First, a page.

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Faculty of nursing CHEM 203 Biochemistry UNIT VII Amino acids, Protein chemistry and metabolism Part Dr. Ola Fouad Talkhan.

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Presentation on theme: "Faculty of nursing CHEM 203 Biochemistry UNIT VII Amino acids, Protein chemistry and metabolism Part Dr. Ola Fouad Talkhan."— Presentation transcript:

1 Faculty of nursing CHEM 203 Biochemistry UNIT VII Amino acids, Protein chemistry and metabolism Part Dr. Ola Fouad Talkhan

2 The process of digestion is defined as the ‘process by which macromolecules in food are broken down into their component small- molecule subunits’. The macromolecules are the proteins or polypeptides themselves, and the subunits are the amino acids. The bonds holding the subunits together are peptide bonds

3 the degradation of proteins by cellular enzymes enzymes in a process called hydrolysis.  Protein digestion takes place in two different phases: ◦ In the stomach ◦ In the small intestine  Both of these phases of digestion are based on several types of enzymes that are called proteinases and proteases.


5 Gastrin -stimulates Parietal cells to secrete HCL; Chief cells of the gastric glands to secrete pepsinogen Hydrochloric acid -Denatures protein structure -Activates pepsinogen (zymogen) to pepsin Pepsin -hydrolyzes proteins to smaller polypeptides and some free amino acids. Proteins proteoses + peptones Pepsin, H+ pH 1-2

6 The remainder of protein digestion occurs in the small intestine as the result of the action of enzymes such as 1- trypsin, chemotrypsin and carboxypeptidase (secreted by the pancreas) proteoses polypeptides + A.A. peptones aminopeptidase polypeptides di, and tripeptidase + A.A. carboxypeptidase 2- peptidases ( aminopeptidase,dipeptidase and tripeptidase ) (located in the cells that line the small intestine). Trypsin, chemotrypsin HCO3, pH 8.0 di, and tripeptidase dipeptidase A.A. tripeptidase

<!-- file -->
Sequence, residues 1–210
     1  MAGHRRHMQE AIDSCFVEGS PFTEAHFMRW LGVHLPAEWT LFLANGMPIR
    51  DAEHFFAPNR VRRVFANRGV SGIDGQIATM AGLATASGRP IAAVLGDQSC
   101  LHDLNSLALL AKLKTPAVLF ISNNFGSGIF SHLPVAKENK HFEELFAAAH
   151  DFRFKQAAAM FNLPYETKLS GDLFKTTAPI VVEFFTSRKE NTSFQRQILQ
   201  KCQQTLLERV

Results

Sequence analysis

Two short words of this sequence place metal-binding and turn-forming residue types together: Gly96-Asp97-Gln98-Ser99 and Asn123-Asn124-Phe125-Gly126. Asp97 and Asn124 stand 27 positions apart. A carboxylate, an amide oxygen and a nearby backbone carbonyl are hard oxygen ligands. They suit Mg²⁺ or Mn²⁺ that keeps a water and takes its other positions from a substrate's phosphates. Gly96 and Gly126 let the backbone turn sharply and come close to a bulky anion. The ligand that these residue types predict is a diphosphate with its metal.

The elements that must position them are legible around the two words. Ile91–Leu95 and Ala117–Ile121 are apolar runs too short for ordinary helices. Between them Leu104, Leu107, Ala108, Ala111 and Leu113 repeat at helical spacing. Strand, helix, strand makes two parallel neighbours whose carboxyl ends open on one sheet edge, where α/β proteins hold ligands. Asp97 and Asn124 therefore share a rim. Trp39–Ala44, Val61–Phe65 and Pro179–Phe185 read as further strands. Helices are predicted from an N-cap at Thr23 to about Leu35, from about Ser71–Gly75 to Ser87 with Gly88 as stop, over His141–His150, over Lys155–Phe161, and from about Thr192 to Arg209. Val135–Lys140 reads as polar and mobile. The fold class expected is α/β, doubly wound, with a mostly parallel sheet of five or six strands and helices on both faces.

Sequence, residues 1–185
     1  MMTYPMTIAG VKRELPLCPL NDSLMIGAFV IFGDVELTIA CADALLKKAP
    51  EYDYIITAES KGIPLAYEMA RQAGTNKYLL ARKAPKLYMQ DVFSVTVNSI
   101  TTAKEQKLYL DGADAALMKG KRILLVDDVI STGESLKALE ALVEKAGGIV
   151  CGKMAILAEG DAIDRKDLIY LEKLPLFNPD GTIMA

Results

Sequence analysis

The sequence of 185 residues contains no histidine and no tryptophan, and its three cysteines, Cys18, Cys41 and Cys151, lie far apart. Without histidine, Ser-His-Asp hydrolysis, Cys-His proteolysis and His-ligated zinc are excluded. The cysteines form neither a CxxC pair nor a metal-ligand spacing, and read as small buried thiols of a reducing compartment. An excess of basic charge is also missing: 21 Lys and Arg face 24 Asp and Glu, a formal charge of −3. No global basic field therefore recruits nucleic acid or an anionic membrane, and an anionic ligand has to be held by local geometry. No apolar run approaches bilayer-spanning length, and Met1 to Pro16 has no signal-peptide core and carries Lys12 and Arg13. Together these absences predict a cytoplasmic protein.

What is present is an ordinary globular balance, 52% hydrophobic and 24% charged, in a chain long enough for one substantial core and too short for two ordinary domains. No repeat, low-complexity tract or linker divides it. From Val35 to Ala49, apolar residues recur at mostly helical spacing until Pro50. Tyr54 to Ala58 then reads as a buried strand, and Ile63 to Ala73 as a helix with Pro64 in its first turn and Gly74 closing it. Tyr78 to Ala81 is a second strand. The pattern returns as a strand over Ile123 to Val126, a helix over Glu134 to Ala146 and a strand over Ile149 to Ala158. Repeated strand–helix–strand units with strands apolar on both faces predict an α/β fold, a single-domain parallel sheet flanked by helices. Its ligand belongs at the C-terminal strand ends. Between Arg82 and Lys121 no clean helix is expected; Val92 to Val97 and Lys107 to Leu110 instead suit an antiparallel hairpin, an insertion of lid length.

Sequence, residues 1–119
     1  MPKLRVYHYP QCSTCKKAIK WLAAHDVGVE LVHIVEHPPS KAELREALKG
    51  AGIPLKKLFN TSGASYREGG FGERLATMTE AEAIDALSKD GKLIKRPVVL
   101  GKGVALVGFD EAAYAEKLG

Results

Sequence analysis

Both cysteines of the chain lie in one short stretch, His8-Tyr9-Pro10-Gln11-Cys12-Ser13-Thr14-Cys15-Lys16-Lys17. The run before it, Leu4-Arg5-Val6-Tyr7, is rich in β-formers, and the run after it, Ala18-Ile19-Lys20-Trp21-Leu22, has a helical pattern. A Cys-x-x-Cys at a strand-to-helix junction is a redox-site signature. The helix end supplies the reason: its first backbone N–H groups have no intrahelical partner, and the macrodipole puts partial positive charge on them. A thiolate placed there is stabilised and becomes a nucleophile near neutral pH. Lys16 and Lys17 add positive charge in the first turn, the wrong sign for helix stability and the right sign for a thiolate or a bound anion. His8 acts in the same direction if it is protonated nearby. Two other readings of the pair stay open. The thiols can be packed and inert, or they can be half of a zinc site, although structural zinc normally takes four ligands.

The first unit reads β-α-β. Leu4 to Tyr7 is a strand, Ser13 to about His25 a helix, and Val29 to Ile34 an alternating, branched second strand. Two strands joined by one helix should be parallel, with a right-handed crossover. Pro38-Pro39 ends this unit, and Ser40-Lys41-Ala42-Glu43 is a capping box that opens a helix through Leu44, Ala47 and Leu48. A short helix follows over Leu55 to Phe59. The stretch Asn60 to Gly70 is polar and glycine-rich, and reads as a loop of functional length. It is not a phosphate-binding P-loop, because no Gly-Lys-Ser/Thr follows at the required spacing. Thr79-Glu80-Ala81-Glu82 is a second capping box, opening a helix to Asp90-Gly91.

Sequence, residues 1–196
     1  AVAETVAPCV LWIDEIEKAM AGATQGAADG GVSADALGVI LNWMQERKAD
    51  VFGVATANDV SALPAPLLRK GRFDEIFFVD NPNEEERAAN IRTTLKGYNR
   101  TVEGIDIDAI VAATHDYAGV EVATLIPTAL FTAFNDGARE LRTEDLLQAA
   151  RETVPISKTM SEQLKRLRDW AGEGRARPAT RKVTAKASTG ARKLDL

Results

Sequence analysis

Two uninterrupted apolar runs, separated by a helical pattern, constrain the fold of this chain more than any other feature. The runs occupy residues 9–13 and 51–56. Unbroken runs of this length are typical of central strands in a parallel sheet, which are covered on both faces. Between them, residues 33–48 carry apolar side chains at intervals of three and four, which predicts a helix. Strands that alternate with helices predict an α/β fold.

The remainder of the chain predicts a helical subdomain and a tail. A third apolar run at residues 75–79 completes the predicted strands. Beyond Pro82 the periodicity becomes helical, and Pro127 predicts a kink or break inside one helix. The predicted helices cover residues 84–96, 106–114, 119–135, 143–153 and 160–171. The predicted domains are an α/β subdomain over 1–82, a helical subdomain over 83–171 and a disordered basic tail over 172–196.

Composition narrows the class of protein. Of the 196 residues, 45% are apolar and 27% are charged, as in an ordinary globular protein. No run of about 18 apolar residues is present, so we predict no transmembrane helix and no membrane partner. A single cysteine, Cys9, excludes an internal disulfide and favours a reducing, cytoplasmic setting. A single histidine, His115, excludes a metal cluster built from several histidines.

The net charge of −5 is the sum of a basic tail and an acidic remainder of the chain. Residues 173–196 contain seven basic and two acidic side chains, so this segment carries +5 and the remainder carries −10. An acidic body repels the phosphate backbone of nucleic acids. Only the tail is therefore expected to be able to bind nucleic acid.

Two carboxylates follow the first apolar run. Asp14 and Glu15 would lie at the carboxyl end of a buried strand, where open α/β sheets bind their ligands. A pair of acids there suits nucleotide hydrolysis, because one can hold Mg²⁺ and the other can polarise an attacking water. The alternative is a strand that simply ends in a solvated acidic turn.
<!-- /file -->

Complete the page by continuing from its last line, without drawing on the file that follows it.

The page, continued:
7  Proteins are broken down to ◦ Tripeptides ◦ Dipeptides ◦ Free amino acids Free amino acid  small intestine(villi)  Liver  blood circulation

8 Form in which the majority of protein is absorbed  More rapid than absorption of free amino acids  Active transport ◦ Energy required  Metabolized into free amino acids in enterocyte  Only free amino acids  absorbed into blood


10 Amino Acid Degradation and Synthesis The catabolism of the amino acids involves the removal of α-amino groups (NH 3 ), followed by the breakdown of the resulting carbon skeletons. These pathways converge to form seven intermediate products:oxaloacetate, pyruvate, α-ketoglutarate, fumarate, succinyl coenzyme A (CoA), acetyl CoA, and acetoacetate. these will enter in the synthesis of glucose or lipid or in the production of energy through their oxidation to CO 2 by the citric acid cycle

11 Nonessential amino acids can be synthesized from the intermediates of metabolism or, as in the case of cysteine and tyrosine, from essential amino acids

12 Fate of NH 3 produced in deamination Ammonia produced from deamination of A.A. are very toxic to the brain and nervous tissues so, it is rapidly removed by : 1.Urea : Formation of urea in the liver is quantitatively the most important disposal route for ammonia. Urea travels in the blood from the liver to the kidneys, where it passes into the glomerular filtrate.